The Compulsive Gamblers

Gambling Days Are Over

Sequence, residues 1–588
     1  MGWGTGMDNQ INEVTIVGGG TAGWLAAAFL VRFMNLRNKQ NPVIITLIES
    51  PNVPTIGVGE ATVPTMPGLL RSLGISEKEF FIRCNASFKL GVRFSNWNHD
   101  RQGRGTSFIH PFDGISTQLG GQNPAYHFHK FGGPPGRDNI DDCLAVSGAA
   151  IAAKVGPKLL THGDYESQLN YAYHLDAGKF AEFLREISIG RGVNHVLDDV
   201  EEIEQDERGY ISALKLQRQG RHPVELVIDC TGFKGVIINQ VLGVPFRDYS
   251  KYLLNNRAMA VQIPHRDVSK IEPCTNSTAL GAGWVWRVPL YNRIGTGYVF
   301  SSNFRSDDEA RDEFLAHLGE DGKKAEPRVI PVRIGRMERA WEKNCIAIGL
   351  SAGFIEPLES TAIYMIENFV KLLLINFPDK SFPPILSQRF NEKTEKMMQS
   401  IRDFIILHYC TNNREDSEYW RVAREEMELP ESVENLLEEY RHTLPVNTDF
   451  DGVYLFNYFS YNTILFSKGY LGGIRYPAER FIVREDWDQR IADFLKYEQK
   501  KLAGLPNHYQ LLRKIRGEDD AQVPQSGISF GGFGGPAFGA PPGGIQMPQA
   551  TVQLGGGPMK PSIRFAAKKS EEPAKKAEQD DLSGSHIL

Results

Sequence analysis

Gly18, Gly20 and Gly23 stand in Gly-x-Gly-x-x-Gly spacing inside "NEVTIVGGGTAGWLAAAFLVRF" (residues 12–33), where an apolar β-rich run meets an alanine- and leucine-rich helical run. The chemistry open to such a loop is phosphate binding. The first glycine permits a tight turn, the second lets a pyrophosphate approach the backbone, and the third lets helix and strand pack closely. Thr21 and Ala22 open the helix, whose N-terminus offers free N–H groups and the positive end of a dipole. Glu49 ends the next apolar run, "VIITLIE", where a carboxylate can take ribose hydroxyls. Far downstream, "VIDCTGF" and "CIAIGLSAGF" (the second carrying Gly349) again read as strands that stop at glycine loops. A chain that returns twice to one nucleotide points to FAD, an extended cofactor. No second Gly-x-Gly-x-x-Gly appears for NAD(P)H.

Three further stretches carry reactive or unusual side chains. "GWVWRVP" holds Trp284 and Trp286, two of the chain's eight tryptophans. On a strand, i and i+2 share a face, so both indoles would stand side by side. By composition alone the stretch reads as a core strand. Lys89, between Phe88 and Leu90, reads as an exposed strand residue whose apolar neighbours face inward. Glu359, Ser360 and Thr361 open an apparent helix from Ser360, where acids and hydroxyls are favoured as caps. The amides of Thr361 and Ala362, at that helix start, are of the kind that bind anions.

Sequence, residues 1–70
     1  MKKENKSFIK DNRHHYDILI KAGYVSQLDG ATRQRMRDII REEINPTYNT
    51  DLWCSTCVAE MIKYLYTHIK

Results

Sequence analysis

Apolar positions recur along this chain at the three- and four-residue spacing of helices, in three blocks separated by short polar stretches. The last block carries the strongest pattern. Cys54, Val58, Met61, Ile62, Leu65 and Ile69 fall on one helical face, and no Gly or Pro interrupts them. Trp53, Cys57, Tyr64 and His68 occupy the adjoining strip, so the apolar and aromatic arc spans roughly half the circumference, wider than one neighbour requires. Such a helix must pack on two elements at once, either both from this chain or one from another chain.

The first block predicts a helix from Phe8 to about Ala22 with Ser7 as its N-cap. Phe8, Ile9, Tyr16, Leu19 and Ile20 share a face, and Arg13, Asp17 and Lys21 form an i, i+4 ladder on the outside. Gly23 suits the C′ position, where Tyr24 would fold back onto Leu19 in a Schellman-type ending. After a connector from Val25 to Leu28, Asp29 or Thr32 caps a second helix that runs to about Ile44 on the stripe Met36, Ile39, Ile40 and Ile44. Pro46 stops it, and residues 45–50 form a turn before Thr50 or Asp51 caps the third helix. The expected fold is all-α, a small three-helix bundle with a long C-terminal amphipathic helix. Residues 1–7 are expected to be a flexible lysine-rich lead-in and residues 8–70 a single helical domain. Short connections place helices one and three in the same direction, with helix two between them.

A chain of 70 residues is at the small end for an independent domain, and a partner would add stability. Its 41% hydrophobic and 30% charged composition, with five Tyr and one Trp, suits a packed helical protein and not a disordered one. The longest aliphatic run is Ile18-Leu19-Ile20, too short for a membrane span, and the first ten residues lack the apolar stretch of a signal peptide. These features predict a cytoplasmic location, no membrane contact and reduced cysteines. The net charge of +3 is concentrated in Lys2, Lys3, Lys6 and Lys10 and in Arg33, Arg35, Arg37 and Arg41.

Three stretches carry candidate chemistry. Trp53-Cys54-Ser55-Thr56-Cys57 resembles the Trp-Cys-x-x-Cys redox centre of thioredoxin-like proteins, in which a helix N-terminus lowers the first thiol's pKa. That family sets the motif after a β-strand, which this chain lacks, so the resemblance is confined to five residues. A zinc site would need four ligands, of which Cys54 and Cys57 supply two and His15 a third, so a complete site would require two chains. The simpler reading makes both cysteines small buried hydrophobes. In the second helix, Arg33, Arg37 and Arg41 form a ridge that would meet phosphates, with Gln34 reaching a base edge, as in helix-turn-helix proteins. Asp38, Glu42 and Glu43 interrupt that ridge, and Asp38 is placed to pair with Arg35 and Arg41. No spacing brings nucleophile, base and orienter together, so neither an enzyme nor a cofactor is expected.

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For those swayed by the long-running accidental influence of garage rock, the Compulsive Gamblers appear as a plausible reverse extension of the Mooney Suzuki, the White Stripes, and the many projects of Billy Childish. Listless Dylan-esque vocals run alongside lounge-lizard Hammonds and the raw joy of Chuck Berry. The recorded performances, though modern, are rushed, rough, and sloppy. Nothing less than 20 tracks are included, with the horn-packed ragtime rock of "Scaring Myself" and the lurching Oingo Boingo nod "Dead Waltz" holding together a large number of unremarkably mature efforts such as "Name a Drink After You," "Sour and Vicious Man," and "Handful of Burning Sand." Ultimately, absent the shock value of their higher-profile band the Oblivians, the Compulsive Gamblers come across like a tribute band already tired of its own tribute.

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